What Does God Want Me to Do?


A high school sophomore shares a personal story of learning to do what God wants her to do, not just what she wants to do.

I was talking with some friends after church one October Sunday when the voice of my youth leader, Heather, grabbed my attention. I turned to see her walking toward me with that I'm-about-to-ask-you-a-big-favor look in her eyes. Sure enough, she pulled me aside and said, "I think you'd be an excellent cell group leader. I'd really like you to think seriously about it."

In my youth group, cell group leaders are responsible for organizing the small groups that make up our larger youth group. The cell groups are a major part of our youth program. Leading one is a big honor … and a big responsibility. Even though I was really flattered that Heather asked me, I just had to laugh and say, "Yeah, nice thought, Heather. I'll squeeze that in during all my spare time." Heather wasn't ready to take no for an answer, so I told her I'd think about it and give her an answer at our Wednesday night youth group meeting. As I rode home with my parents after church, I thought about Heather's offer. I knew there was just no way I could juggle one more thing in my life. I figured I'd have to say no.

Earlier that fall, at the beginning of my freshman year, I was having a blast doing all kinds of things I really loved. I'm big into rock climbing, so I was working a few hours a week at a climbing gym. I was climbing at the gym two or three times a week and going out climbing along the Mississippi River bluffs whenever I could. I was also in gymnastics, and I was getting ready to try out for the school volleyball and soccer teams later in the year. I was also preparing to coach a youth soccer team and I was involved in my youth group. I had enriched classes at school, so I had to do a lot of homework to keep my grades up. And, of course, I did stuff with my friends and family. I was super-busy, but I felt like everything was groovy.

But by the time October rolled around, I was starting to get kind of worn out by my schedule. I was tired from getting up early to do some homework before school. I started to feel like I didn't have time for anything. At suppertime, I'd be sitting at the table doing my homework, then I'd leave to do something else before I even had a chance to eat. I didn't have time to play Skip-Bo with my family or just hang around with my friends.

So when Heather asked me to add one more big thing to my schedule, I thought, There's just no way.

As my dad drove me to youth group that Wednesday, I told him about Heather's offer. I was making all these excuses, telling my dad how I didn't have time. I said, "Don't you think it's smart for me to say no? I mean, God'll understand, because I have so much to do." Then my dad said, "Whatever you think God would want you to do, that's what you should do."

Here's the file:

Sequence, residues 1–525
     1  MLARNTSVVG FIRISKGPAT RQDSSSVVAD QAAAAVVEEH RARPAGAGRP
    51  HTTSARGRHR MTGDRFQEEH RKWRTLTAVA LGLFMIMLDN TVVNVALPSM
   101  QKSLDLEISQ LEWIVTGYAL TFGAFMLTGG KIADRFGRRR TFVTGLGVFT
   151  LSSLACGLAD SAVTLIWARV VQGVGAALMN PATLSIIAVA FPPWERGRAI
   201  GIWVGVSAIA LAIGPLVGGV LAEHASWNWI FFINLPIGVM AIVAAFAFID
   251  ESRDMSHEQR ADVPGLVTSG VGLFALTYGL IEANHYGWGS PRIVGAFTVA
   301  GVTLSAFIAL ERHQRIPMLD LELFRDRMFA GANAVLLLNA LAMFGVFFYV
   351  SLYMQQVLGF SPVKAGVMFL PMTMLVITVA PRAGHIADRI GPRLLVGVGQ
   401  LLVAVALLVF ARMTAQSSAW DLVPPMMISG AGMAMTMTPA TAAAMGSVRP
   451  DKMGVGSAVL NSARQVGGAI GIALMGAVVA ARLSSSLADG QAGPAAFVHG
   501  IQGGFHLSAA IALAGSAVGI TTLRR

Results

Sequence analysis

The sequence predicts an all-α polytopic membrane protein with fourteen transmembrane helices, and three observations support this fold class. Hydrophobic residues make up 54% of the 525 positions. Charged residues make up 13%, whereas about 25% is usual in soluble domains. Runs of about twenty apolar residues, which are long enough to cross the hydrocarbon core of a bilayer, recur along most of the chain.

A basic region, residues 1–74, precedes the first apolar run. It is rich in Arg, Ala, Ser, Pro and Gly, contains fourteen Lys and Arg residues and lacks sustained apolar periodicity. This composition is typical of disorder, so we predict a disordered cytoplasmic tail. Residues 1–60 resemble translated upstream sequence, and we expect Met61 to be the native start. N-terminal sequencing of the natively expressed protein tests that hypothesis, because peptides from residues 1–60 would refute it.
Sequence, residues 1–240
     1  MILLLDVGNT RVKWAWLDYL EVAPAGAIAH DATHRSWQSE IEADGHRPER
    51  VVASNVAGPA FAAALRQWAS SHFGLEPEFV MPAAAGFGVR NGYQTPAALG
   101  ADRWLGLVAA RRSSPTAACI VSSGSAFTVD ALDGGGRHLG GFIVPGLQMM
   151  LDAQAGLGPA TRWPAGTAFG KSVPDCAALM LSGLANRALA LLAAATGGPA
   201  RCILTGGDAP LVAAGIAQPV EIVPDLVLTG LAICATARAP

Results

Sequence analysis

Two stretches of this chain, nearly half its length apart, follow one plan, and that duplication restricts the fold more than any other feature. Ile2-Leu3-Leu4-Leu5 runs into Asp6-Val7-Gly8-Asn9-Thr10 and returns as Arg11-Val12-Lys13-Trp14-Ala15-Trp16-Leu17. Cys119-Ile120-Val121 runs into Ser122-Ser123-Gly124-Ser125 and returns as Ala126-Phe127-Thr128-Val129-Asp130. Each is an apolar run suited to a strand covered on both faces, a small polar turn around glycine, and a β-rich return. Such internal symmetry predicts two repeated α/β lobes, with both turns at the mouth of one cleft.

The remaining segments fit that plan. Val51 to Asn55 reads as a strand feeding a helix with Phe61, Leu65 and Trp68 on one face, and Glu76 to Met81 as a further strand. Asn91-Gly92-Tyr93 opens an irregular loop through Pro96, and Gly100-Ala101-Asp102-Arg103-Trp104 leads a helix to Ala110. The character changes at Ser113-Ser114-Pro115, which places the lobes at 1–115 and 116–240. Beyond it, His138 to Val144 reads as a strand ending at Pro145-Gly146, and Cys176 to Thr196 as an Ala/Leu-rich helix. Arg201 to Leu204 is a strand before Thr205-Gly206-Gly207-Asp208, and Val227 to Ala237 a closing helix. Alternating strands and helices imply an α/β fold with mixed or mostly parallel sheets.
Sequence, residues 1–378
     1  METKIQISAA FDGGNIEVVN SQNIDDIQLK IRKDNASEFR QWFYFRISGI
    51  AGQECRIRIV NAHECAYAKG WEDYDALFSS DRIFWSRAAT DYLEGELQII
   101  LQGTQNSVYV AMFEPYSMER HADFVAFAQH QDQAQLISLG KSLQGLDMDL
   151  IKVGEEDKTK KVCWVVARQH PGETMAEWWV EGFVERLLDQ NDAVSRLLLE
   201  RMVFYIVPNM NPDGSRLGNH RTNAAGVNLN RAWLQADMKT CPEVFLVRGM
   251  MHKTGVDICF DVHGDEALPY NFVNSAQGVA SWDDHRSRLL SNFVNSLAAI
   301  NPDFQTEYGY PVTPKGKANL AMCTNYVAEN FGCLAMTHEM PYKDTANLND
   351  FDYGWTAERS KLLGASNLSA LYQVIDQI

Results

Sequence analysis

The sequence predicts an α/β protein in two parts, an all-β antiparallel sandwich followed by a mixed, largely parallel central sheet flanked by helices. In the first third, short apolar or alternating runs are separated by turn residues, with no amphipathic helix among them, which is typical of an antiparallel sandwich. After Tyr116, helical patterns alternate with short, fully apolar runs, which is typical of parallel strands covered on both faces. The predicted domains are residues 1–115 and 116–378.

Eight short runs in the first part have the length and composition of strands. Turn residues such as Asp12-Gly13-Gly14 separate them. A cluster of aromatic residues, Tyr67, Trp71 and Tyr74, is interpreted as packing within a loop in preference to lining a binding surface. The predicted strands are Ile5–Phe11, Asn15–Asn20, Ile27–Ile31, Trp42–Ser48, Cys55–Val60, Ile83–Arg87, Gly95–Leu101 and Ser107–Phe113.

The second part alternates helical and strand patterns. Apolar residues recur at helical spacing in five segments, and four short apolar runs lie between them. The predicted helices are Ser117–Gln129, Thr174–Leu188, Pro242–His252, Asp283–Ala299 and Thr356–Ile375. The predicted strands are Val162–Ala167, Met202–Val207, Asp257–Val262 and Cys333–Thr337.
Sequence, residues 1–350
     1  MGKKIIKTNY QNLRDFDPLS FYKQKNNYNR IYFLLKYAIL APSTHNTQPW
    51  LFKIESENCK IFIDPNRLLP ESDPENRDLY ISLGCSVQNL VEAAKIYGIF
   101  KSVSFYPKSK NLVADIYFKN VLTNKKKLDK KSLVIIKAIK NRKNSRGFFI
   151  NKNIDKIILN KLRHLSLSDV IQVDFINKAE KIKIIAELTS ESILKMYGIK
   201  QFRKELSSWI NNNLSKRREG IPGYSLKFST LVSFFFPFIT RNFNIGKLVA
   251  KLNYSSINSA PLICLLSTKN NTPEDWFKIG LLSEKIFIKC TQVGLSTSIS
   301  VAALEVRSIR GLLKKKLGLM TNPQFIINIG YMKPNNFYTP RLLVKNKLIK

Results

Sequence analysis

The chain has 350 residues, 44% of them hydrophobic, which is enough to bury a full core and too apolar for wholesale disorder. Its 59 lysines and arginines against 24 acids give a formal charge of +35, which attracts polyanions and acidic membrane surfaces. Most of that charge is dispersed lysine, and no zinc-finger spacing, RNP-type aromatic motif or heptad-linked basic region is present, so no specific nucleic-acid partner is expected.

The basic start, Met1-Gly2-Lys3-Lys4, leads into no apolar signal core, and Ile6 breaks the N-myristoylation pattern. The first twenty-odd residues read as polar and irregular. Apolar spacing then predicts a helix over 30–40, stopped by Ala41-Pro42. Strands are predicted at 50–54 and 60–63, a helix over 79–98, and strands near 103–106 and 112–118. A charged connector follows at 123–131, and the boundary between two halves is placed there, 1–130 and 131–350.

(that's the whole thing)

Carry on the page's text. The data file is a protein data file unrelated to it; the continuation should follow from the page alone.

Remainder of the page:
Suddenly, I realized how selfish I was being with my time. Sure I was involved in a lot of good things. But I was also involved in a lot of stuff that was just about me, just for my own fun. God blessed me with athletic talent, but I was taking it a little too far. I knew I needed to get my priorities straight and start using my time and energy for God, not just myself.

Dad dropped me off at church and I went to find Heather. I told her, "Heather, I was going to tell you there was no way I could be a cell group leader. But I think I really need to say yes." On the way home that night, I thought, What am I getting myself into? I was uneasy about it for a few days. But then I said, "Lord, you take care of it. I'm not going to worry about this anymore. I'm willing to let you do what you want with me." And if following God's plan meant giving up some things, I needed to do that.

I didn't want to just abandon everything I'd started, so I figured I could still coach the youth soccer team and stick with my rock climbing stuff. But I decided not to try out for volleyball or soccer, and I got rid of gymnastics for a few months. I didn't work at the gym as much either. It was hard for me to give all those things up. I'd been really excited about all of them, and now they were out of my life. But my dad's words had made me think, and I knew I was doing the right thing.

The cell group was a big responsibility. I was making calendars, planning Bible studies and social events, calling people every week, talking to parents, sending memos, and getting up early for meetings. I obviously couldn't have done it if I hadn't given up some of those other things.

It's weird how life works sometimes. Just a month after I'd made room in my schedule for the cell group, I tore a hamstring. I couldn't play any sports at all for six months. Suddenly, the cell group was one of the few things I could do! If I had said no to Heather, only to end up dropping out of all my sports a month later, I would have felt horrible. I was so glad I'd said yes.

I thought I would miss those extra activities, but the cell group was really rewarding; it made the sacrifices worth it. I was the leader for a group of 7th graders who were new to the youth program. As we worked together, they started coming to me with questions and problems. They asked a lot of questions about God. And I felt like they were seeing something in me that could help them in their faith. I think God used me to show them you can have fun, be yourself, and still be a Christian. And that was more than I ever could have hoped for.


Tinen Healy as told to Carla Barnhill

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